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Author Topic: AM QSO on 1950  (Read 6554 times)
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W8ACR
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« on: January 07, 2024, 01:08:35 PM »

Hello all, Last night I had a very nice long AM ragchew with W7TMD on 1950. We had planned to meet on 1945, but there was an SSB QSO on 1944, so we QSY'd to 1950. I recall that in the past, 1950 was basically unusable due to a constant nearby signal of some sort, maybe LORAN? I'm just curious if I was lucky, or if the signal is no longer present.

Thanks, Ron
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Pete, WA2CWA
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« Reply #1 on: January 07, 2024, 02:53:26 PM »

GOOGLE is your helpful search buddy!

Loran-A was dismantled starting in the 1970s; it remained active in North America until 1980 and the rest of the world until 1985. A Japanese chain remained on the air until 9 May 1997, and a Chinese chain was still listed as active as of 2000. Loran-A used two frequency bands, at 1.85 and 1.95 MHz.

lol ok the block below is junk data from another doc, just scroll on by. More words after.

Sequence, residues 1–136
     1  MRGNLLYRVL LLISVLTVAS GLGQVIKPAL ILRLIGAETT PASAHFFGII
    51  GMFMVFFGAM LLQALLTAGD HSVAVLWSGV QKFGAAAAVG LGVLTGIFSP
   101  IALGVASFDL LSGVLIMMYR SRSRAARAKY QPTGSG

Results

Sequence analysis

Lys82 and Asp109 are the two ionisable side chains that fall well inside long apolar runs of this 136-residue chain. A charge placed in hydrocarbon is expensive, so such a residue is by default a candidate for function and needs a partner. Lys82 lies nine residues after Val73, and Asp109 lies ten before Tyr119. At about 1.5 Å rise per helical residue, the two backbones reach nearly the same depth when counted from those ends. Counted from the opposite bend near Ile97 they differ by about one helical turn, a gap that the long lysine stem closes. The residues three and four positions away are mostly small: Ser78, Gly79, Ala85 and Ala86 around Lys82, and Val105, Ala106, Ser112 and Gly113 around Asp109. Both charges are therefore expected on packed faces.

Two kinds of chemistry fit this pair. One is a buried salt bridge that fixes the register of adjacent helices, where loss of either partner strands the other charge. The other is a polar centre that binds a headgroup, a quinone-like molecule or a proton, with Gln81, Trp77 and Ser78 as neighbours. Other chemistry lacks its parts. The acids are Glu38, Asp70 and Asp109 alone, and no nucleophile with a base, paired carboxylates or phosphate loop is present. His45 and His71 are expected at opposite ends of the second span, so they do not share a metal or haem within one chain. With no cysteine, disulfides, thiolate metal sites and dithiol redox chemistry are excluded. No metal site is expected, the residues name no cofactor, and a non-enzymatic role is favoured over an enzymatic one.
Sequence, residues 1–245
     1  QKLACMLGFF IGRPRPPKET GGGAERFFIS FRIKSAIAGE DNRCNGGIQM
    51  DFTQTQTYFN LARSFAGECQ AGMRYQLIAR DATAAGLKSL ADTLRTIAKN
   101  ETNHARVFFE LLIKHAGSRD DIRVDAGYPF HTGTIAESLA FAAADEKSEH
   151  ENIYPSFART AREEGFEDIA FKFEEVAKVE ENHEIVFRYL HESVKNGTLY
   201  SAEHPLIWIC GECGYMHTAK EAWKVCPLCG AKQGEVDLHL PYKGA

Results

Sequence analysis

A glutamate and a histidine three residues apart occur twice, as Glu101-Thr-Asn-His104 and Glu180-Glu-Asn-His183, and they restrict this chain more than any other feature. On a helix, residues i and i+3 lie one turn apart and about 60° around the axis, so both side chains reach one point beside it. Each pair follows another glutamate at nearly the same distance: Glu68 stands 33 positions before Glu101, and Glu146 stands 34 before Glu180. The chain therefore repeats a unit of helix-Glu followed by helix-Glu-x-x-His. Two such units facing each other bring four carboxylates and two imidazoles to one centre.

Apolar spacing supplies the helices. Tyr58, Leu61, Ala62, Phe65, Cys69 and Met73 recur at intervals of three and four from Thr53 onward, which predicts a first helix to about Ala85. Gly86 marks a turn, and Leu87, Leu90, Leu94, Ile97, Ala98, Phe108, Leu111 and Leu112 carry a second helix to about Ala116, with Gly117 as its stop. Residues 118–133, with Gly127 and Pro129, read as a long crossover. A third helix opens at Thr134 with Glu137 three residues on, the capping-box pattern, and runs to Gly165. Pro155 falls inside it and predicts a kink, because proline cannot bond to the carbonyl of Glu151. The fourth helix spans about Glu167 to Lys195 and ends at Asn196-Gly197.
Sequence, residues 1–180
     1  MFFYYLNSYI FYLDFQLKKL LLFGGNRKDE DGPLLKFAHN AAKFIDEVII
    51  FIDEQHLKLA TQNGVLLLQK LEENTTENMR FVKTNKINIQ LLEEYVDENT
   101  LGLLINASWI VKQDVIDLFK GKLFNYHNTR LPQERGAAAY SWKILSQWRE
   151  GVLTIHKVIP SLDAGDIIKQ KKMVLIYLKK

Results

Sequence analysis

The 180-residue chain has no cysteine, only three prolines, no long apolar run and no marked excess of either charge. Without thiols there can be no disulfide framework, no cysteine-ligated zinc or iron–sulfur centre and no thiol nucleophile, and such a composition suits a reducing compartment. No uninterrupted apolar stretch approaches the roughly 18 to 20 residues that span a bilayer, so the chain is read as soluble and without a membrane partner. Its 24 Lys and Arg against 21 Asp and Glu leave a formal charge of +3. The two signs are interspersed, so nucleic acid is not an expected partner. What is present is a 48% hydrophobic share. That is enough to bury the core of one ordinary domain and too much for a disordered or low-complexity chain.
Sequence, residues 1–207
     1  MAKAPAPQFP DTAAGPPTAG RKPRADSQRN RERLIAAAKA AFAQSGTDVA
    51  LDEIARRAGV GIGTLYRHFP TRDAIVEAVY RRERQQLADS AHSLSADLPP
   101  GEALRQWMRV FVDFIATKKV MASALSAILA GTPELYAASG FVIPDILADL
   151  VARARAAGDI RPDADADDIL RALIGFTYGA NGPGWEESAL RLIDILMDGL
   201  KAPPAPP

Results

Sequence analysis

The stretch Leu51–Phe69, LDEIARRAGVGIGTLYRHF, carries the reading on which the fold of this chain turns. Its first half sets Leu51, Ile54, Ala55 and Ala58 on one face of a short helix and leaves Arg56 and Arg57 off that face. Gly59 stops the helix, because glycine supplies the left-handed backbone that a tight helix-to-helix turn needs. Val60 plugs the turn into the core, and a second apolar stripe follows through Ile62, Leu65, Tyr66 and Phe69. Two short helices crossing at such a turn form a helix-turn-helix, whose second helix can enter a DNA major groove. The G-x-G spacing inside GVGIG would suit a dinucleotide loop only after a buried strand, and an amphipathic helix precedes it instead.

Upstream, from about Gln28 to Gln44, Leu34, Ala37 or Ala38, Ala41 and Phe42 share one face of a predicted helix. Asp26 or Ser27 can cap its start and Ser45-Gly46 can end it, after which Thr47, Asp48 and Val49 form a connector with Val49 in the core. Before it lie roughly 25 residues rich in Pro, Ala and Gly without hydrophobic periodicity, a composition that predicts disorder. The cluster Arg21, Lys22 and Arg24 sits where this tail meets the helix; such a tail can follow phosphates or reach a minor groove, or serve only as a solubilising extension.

On 7 January 2010, Homeland Security published a notice of the permanent discontinuation of LORAN-C operation. Effective 2000 UTC 8 February 2010, the United States Coast Guard terminated all operation and broadcast of LORAN-C signals in the United States.

Loran-A used two frequency bands, at 1.85 and 1.95 MHz.
Loran-C operated in the 90 to 110 kHz frequency range.

More detail here if you care:
https://en.wikipedia.org/wiki/LORAN
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« Reply #2 on: January 07, 2024, 05:07:11 PM »

Hi Pete,

Thanks for the reply. I'm pretty sure the signal was at 1950, or perhaps 1955, and was always there. I'm also pretty sure that It was present less than 5 years ago. I can't actually remember when I heard it last, but it was nice to have 1950 open for an AM QSO. Back in the day, when I was on 160 AM a lot, 1945 was my preferred frequency, but there always seems to be SSB activity from 1940 to 1945 now. 1950 is usually free of SSB activity at my QTH, so maybe I'll try to establish 1950 as an AM spot on the dial.

Thanks again, Ron
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Pete, WA2CWA
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« Reply #3 on: January 07, 2024, 07:15:39 PM »

You can establish an AM spot or spots anywhere in the 160 meter phone portion which runs from 1800 KHz to 2000 KHz.

You might know or not that Amateur Radio Becomes Primary on 1900-2000 kHz on August 6, 2015
Full details are here: http://www.arrl.org/news/amateur-radio-becomes-primary-on-1900-2000-khz-on-august-6
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Pete, WA2CWA - "A Cluttered Desk is a Sign of Genius"
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